Successfully reported this slideshow.
We use your LinkedIn profile and activity data to personalize ads and to show you more relevant ads. You can change your ad preferences anytime.
CLICK HERE!
April 2015 1
U.S. Department of Homeland Security’s Response to
Chairman Grassley and Senator Tillis’s March 20, 2015 Lett...
April 2015 2
c. Had criminal affiliations.
USCIS does not electronically track this information. A manual review of files ...
April 2015 3
6. What steps is USCIS taking to ensure that known or suspected gang members or
criminally affiliated applica...
April 2015 1 
U.S. Citizenship and Immigration Services
Internal DACA Adjudication Guidance
 
Title Known or Suspected Gan...
April 2015 2 
Suspected Gang Member
For a suspected street gang member, if an RTI is not required, as
stated in the NaBISC...
April 17, 2015 USCIS Letter to Senator Grassley on DACA for Gang Member
April 17, 2015 USCIS Letter to Senator Grassley on DACA for Gang Member
Upcoming SlideShare
Loading in …5
×

April 17, 2015 USCIS Letter to Senator Grassley on DACA for Gang Member

758 views

Published on

April 17, 2015 USCIS Letter to Senator Grassley on DACA for Gang Member--mistakes were made and corrective actions were taken.

Published in: News & Politics
  • Be the first to comment

  • Be the first to like this

April 17, 2015 USCIS Letter to Senator Grassley on DACA for Gang Member

  1. 1. CLICK HERE!
  2. 2. April 2015 1 U.S. Department of Homeland Security’s Response to Chairman Grassley and Senator Tillis’s March 20, 2015 Letter 1. Since DACA’s creation, how many applications have been approved? Please provide the answer by fiscal year. As of March 20, 2015, U.S. Citizenship and Immigration Services (USCIS) has approved 886,638 Deferred Action for Childhood Arrivals (DACA) requests, of which 223,826 were requests for renewal of DACA. The number of DACA requests approved by fiscal year is as follows: FY 2012 1,685 FY 2013 471,293 FY 2014 158,278 (Initial – 135,797; Renewal – 22,481) FY 2015 255,382 (Initial – 54,037; Renewal – 201,345) 2. Of the DACA applications approved, please provide the number of applicants that: USCIS does not track this information electronically and is working toward developing a tracking system to capture this information in the future. However, USCIS recently conducted a batch TECS query of all approved DACA cases in order to identify records that contained information indicating known or suspected gang association. Based on the information obtained from the query, out of all 886,638 cases approved for initial DACA or renewal of DACA, we found TECs records pertaining to 49 DACA recipients. Of these 49, 13 individuals had TECS records entered after DACA adjudication. The 13 cases are being reviewed for possible termination. Twenty had TECS records at the time of filing, and one had a TECS record placed during the adjudication process. These cases are being reviewed. As noted below, any cases that were approved for known gang members were approved in error, as USCIS HQ has not cleared approval of any DACA requests by a known or suspected gang member. Fifteen had TECS records that were vetted and were determined not to be gang members/gang affiliates. These cases were adjudicated on their merits. a. Had known gang affiliation. In the analysis described above, we did not distinguish between known or suspected gang members. Further manual review would be required to obtain this information. b. Suspected gang affiliation. In the analysis described above, we did not distinguish between known or suspected gang members. Further manual review would be required to obtain this information.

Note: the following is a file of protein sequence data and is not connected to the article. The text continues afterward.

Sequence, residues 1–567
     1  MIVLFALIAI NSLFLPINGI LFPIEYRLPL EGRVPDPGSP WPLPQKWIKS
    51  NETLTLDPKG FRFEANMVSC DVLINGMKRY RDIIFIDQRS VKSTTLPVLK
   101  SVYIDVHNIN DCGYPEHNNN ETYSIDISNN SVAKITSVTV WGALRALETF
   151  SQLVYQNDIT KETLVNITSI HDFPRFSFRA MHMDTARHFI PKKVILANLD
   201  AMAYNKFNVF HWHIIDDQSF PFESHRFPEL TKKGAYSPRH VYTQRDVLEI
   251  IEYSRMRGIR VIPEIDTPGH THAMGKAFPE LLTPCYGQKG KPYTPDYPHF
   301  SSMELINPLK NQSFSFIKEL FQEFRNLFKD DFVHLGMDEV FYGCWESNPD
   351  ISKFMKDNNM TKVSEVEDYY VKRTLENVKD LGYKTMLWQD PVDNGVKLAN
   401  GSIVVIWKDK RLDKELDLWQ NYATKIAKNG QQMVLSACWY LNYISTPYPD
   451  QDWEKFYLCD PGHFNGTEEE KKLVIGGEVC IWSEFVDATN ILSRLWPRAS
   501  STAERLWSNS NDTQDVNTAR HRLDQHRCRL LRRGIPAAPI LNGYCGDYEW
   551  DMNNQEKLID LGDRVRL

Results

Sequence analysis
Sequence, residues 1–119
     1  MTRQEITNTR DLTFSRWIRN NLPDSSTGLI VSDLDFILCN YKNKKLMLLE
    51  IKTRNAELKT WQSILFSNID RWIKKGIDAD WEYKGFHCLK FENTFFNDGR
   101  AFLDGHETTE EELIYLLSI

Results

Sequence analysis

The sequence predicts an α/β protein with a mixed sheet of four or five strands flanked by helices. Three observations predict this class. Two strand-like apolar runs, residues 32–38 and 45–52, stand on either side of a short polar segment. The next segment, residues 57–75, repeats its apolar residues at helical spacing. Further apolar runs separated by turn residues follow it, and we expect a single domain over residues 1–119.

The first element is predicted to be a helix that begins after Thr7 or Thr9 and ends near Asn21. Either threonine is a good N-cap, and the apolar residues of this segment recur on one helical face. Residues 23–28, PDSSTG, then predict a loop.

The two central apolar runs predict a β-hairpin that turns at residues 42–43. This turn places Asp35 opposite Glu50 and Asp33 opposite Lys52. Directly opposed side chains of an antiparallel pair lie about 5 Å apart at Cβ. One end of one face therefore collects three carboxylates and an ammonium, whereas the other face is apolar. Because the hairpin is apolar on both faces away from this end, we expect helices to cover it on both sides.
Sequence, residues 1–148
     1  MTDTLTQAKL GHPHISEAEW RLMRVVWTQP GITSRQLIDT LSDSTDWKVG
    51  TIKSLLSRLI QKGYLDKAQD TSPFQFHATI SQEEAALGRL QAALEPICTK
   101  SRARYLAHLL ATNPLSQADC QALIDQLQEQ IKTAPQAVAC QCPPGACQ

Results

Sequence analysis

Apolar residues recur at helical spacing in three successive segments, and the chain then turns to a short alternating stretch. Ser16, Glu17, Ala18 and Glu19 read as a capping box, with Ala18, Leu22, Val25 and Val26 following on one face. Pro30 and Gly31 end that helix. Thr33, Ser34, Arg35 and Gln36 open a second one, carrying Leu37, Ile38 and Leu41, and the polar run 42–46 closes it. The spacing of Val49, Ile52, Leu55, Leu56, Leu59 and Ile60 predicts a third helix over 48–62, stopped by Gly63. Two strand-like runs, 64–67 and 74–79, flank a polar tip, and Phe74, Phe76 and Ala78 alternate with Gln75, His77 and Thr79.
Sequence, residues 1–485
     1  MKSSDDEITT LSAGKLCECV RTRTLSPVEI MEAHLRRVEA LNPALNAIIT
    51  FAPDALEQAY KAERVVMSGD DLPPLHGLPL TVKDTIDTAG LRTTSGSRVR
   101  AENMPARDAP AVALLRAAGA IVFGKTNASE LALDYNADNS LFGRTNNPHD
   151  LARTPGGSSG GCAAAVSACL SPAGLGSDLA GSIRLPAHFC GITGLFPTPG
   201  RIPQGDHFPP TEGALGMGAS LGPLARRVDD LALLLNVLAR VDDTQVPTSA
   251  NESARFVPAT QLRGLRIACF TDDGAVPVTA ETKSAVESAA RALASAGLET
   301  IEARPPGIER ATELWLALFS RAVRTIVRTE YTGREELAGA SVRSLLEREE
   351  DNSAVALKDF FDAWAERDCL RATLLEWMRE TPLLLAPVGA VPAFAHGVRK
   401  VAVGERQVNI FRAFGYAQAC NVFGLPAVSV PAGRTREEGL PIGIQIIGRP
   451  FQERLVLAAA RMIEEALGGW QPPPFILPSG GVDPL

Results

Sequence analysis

3. 3. April 2015 2 c. Had criminal affiliations. USCIS does not electronically track this information. A manual review of files would be required to obtain this information. Since not all crimes disqualify a requestor from being favorably considered for DACA, a requestor with one or two non- significant misdemeanors could have been approved. USCIS is working toward developing a tracking system to capture this information in the future. 3. Please explain why USCIS approved DACA applications for known or suspected gang members and others with criminal affiliations. Cases that were approved for known gang members were approved in error, as USCIS HQ has not cleared approval of any DACA requests by a known or suspected gang member. USCIS is not aware of any DACA grants where there was disqualifying criminal activity. DACA Refresher Training has been provided to prevent errors in the future.   4. By fiscal year, how many DACA applications have been denied because of gang affiliation or other criminal affiliation? USCIS does not currently electronically track information regarding the basis for a denial of a DACA request. A manual review of files would be required to obtain this information for each DACA denial. USCIS is working toward developing a tracking system to capture this information in the future. 5. By fiscal year, please provide the number of DACA terminations as a result of gang affiliation or other criminal affiliation. USCIS does not electronically capture the reasons for termination of a DACA request. Ad hoc manual reports from each service center indicate that as of March 20, 2015, USCIS has terminated DACA for 282 requestors for having gang affiliation and/or criminal issues. Additionally, USCIS is in the process of manually reviewing another 13 DACA terminations to determine the reason for termination. The following is a breakdown by fiscal year of the 282 DACA requests terminated due to criminal or gang issues: FY 2013 28 FY 2014 131 FY 2015 123